Threat Hunting

FortiEDR's threat hunting enhancement will also provide visibility into exploitation attempts and subsequent operations. Find below the threat hunting queries that you shall use in FortiEDR v5 Threat Hunting to identify suspicious activities related to PrintNightmare.


This query will identify file creation events for dll files created in the known CVE-2021-34527 driver path. Note there may be FPs related to inventory scan events and during system install/update.

Type:("File Create") AND Target.File.Path:(\\spool\\drivers\\x64\\) AND Target.File.Ext:("dll") 


This query will identify dll file creation events from spoolsv.exe process. Very low false positive rate. 

Type:("File Create") AND Source.Process.Name:("spoolsv.exe") AND Target.File.Path:(\\spool\\drivers\\x64\\) AND Target.File.Ext:("dll") 


This query will identify rundll32 processes spawning from spoolsv.exe processes. Very low false positive rate.

Type:("Process Creation") AND Source.Process.Name:("spoolsv.exe") AND Target.Process.Name:("rundll32.exe") 


This query will identify network connections associated with rundll32 processes where spoolsv.exe is in the process chain (parent). This can detect some observed post exploitation activity. Very low false positive rate.

Type:("Socket Connect") AND Source.Process.Name:("rundll32.exe") AND Source.Process.Parent.Path:(*spoolsv.exe) 


This query is more generic for flagging rundll32.exe making network connections. This is non-standard behaviour and whilst not always directly linked to CVE-2021-34527, should be investigated as suspicious activity. Low false positive rate for suspicious activity, may need tuning if there is bespoke software that calls dll’s directly.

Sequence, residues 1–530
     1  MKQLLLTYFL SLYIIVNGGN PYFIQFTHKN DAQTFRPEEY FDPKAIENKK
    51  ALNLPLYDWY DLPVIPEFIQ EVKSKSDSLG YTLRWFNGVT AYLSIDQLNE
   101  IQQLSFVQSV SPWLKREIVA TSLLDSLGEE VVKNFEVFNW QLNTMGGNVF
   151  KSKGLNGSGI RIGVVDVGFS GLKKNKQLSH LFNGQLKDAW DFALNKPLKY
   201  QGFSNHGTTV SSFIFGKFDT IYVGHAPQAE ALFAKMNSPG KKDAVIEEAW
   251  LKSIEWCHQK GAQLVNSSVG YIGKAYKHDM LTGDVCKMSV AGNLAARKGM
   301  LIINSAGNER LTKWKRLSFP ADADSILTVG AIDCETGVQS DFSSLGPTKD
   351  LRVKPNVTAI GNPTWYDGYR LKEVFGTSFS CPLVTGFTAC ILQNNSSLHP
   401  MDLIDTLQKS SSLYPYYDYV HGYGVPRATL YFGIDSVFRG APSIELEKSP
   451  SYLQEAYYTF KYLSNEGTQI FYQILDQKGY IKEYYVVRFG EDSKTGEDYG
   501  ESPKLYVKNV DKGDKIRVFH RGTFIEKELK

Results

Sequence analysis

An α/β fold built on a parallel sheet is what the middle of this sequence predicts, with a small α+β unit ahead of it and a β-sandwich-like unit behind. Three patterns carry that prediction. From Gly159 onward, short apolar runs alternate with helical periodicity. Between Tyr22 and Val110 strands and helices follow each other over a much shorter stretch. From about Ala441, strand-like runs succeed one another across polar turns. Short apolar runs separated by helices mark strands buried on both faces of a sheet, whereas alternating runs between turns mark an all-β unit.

Type:("Socket Connect") AND Source.Process.Name:("rundll32.exe") 


This query will identify library loads for the spoolsv.exe process linked to the known CVE-2021-34527 driver path. Note that this will have a number of false positives that will need to be filtered on a per environment basis. Notable FPs are for legitimate kernelbase.dll and PrintConfig.dll dlls but these filenames could be spoofed by and adversary so have not been filtered out. The hash of these files will change per Windows version, suggest adding exclusions for specific valid driver file hashes to this search as part of baselining. 

Type:("Library Loaded") AND Source.Process.Name:("spoolsv.exe") AND Target.Executable.File.Path:(\\spool\\drivers\\x64\\) AND Target.Executable.File.Ext:("dll") 


This query will identify any significant activity from the rundll32.exe process spawned by spoolsv.exe. This is a useful 'catch-all' for post exploitation activity associated with CVE-2021-34527. 

Source.Process.Name:("rundll32.exe") AND Source.Process.Parent.Path:(*spoolsv.exe) AND (Type:("Socket Connect") OR Type:("Process Creation") OR Type:("File Create"))